Yuqing Dong, PhD
055A Life Science Building
190 Collings Street
Clemson, SC 29634
- Post-doctoral Fellow, Department of Molecular Biology and Genetics, Cornell University, 2000-2006
- Ph.D. Plant Molecular Biology, Peking University, 1999
- B.S. Biochemistry, East China University of Science and Technology, 1994
Aging is an inevitable universal process in most of
higher order eukaryotic organisms. During the aging process, the physiological
functions of organisms gradually decline, which lead to a variety of
age-related disorders. One of the major challenges in aging research is to find
a way to delay aging and alleviate the impairment of age-related disorders. To
this end, a comprehensive understanding of the molecular mechanisms of lifespan
regulation is imperative. Considering that most cellular behaviors, if not all,
are tightly regulated by the network of signaling pathways, my overall research
centers on the signaling pathways related to aging and the elucidation of how
these signaling pathways modulates aging at the molecular level. Toward this, I
am engaging the genetic model organism, C.
elegans, to investigate 1) how the genetic factors through the signaling
network modulate aging process, and 2) how to intervene in aging and
age-related diseases effectively in a feasible way.
Genetic studies in model systems have shown
that a single gene alteration in conserved signaling pathways can dramatically
influence the lifespan of an organism.
To date, several genome-associated studies have identified a
considerable number of genes which are involved in lifespan regulation (so
called “longevity gene”). Accordingly, my team utilizes genetic, molecular, and
cellular approaches to dissect them in various signaling pathways and determine
their functions in aging process. Characterization of these longevity genes
will reveal the regulatory network of lifespan in C. elegans, and very likely discover new pathways that are novel in
diseases, such as diabetes, cancer, and various neurodegenerative disorders,
are generally associated with aging. There is an urgent need to find a way to encourage and maintain a healthy lifespan in large
and increasing populations of elderly individuals. At present, diet
intervention (pharmacological and nutraceutical reagents) has been proven the
most feasible and effective way to combat aging and age-related disorders
through the modulation of metabolism and stress. We hypothesized that
nutraceuticals with prolongevity effects act through many conserved signaling
pathways, such as target-of-rapamycin (TOR),
insulin/IGF-1-like signaling (IIS), and sirtuins, to promote healthy aging. Using our C.
elegans model, we use a variety of nutraceuticals to ask following
questions that test our hypothesis: 1) Do the nutraceuticals that
attenuate aging associated declines with improved healthspan?; 2) Do the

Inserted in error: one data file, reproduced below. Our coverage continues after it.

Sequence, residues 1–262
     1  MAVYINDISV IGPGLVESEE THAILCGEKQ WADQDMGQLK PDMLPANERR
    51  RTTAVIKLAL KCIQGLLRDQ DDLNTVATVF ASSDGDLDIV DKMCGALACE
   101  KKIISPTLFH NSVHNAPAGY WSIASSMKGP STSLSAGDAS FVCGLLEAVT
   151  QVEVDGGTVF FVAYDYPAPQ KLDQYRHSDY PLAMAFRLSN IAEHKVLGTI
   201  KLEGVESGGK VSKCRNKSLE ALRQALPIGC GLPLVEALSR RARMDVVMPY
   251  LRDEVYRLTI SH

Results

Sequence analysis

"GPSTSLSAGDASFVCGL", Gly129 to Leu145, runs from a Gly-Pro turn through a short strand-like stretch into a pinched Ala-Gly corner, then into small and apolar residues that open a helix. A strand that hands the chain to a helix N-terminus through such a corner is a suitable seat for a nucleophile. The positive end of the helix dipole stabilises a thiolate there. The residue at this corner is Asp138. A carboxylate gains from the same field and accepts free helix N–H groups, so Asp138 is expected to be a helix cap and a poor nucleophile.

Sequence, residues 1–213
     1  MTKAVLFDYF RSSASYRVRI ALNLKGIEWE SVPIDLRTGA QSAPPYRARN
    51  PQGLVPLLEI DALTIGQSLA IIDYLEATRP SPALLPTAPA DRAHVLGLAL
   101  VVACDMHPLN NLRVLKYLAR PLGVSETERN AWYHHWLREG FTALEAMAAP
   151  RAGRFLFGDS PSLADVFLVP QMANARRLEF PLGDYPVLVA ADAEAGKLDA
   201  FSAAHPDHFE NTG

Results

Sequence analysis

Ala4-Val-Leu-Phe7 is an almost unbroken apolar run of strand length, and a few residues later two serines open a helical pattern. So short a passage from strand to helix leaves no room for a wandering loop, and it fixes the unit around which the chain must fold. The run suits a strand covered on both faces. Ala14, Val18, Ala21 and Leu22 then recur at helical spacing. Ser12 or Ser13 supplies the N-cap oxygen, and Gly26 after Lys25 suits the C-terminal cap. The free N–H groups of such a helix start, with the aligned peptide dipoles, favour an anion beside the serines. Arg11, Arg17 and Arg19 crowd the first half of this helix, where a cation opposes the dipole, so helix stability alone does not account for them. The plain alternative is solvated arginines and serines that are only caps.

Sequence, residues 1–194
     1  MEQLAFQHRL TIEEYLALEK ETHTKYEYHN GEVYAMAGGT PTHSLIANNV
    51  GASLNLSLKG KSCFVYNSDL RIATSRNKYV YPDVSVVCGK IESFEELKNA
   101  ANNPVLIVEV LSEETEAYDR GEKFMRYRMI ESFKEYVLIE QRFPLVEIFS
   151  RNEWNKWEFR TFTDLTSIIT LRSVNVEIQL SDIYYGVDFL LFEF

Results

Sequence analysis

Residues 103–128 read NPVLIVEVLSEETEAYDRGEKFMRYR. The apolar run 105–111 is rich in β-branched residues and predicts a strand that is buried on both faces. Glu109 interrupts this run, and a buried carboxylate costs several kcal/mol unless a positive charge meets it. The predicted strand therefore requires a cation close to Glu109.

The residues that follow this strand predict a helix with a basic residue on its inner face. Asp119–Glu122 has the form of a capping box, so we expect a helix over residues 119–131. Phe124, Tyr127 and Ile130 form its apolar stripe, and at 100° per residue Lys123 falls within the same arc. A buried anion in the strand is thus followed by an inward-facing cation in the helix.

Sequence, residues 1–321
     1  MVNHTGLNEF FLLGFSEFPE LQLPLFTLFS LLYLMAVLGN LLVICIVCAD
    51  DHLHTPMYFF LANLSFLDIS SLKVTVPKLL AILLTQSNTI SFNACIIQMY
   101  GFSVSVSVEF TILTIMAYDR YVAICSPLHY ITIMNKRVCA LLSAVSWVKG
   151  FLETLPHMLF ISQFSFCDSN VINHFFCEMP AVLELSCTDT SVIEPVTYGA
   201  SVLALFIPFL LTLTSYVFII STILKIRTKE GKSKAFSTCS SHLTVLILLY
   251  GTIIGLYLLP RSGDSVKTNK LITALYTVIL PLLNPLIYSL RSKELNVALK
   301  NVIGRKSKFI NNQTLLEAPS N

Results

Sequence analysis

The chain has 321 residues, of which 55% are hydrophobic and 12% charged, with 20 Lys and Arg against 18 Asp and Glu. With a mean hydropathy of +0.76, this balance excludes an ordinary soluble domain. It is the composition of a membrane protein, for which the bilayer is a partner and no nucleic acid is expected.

nutraceuticals that act through the major pathways or proteins associated with
D., Cao, M., Dinh, J.,
(2013) Methods for creating mutations in C.
elegans that extend lifespan. In: Biological
Aging: Methods and Protocols; Second Edition (Ed.) T. O. Tollefsbol,
Springer, New York, NY, USA. pp. 65-76. (Book Chapter)
- Guha, S., Klees, M., Wang, X., Li, J., Dong, Y.*, Cao, M.
(2013) Influence of planktonic and sessile Listeria monocytogenes on Caenorhabditis elegans. Arch Microbiol.
2013 Jan; 195(1):19-26. (* co-corresponding author)
- Dong, Y.*, Guha, S., Sun, X.,
Cao, M., Wang, X., Zou, S. (2012) Nutraceutical interventions for
promoting healthy aging in invertebrate models.
Oxid Med Cell Longev.
2012:718491. Epub 2012 Sep 6. (* the first and corresponding author)
- Guha, S., Cao, M., Kane, R.M., Savino, A.M., Zou,
S., Dong, Y. (2012) The longevity effect of cranberry extract in
Caenorhabditis elegans is modulated by daf-16 and osr-1. AGE (Dordr). 2012 Aug 4. [Epub ahead of print]
- Dong, Y., Zou, S. (2010) Sirtuins and Aging. In: Epigenetics
of Aging (Ed.) T. O. Tollefsbol, Springer, New York, NY, USA, pp. 51-76.
- Li, J., Ebata, A., Dong, Y., Rizki, G., Iwata, T., Lee,
S.S. (2008) Caenorhabditis elegans HCF-1 functions in longevity maintenance
as a DAF-16 regulator. PLoS Biol. 2008 Sep 30;6(9):e233
B., Dong, Y., Shindo, M., Liu, W.,
Ruvkun, G., Lee S. (2005) A Systematic RNAi Screen for Longevity Genes in C. elegans. Genes Dev. 2005 Jul 1;
D., Legesse-Miller, A., Gao, L., Dong,
Y. and Bretscher, A. (2004) Mechanisms of polarized growth and organelle
segregation in yeast. Annu rev cell dev biol. 2004;
X., Dong, Y., Zhao, J. (2004) HetR
homodimer is a DNA-binding protein required for heterocyst differentiation, and
the DNA-binding activity is inhibited by PatS. Proc Natl Acad Sci, USA
- Dong, Y., Pruyne, D., Bretscher,
A. (2003) Formin-dependent actin assembly is regulated by distinct modes of Rho
signaling in yeast. J Cell Biol. 161(6):1081-92.
- Dong, Y., Huang, X., Wu, X.,
Zhao, J. (2000) Identification of the active site of HetR protease and its
requirement for heterocyst differentiation in the cyanobacterium Anabaena sp.
Strain PCC 7120. J Bacteriol. 182(6):
R., Wei, X., Jiang, N., Li, H., Dong, Y.,
His, K., Zhao, J. (1998) Evidence that HetR Protein is an unusual Serine-type
Protease. Proc Natl Acad Sci, USA 95(9): 4959-4963.
- MICRO 4170/H4170/6170 – Cancer and Aging
- MICRO 4270 - Cancer and Aging Lab
- BIOSC 8260 - Epigenetics
Current Graduate Students
- Xiaoxia Wang, Ph.D. (2011- )
- Ojas Natararjin, Ph.D. (2012- )
Past Graduate Students
- Sujay Guha, Ph.D. (2008 – 2013)
Currently a Postdoc Fellow in the Scripps Research Institute
- Yao Yao, M.S. (2008 – 2011)
Currently a staff scientist at Axio Research in Seattle, WA
- American Association for Advancement of Science (AAAS)
- American Society of Cell Biology (ASCB)
- American Aging Association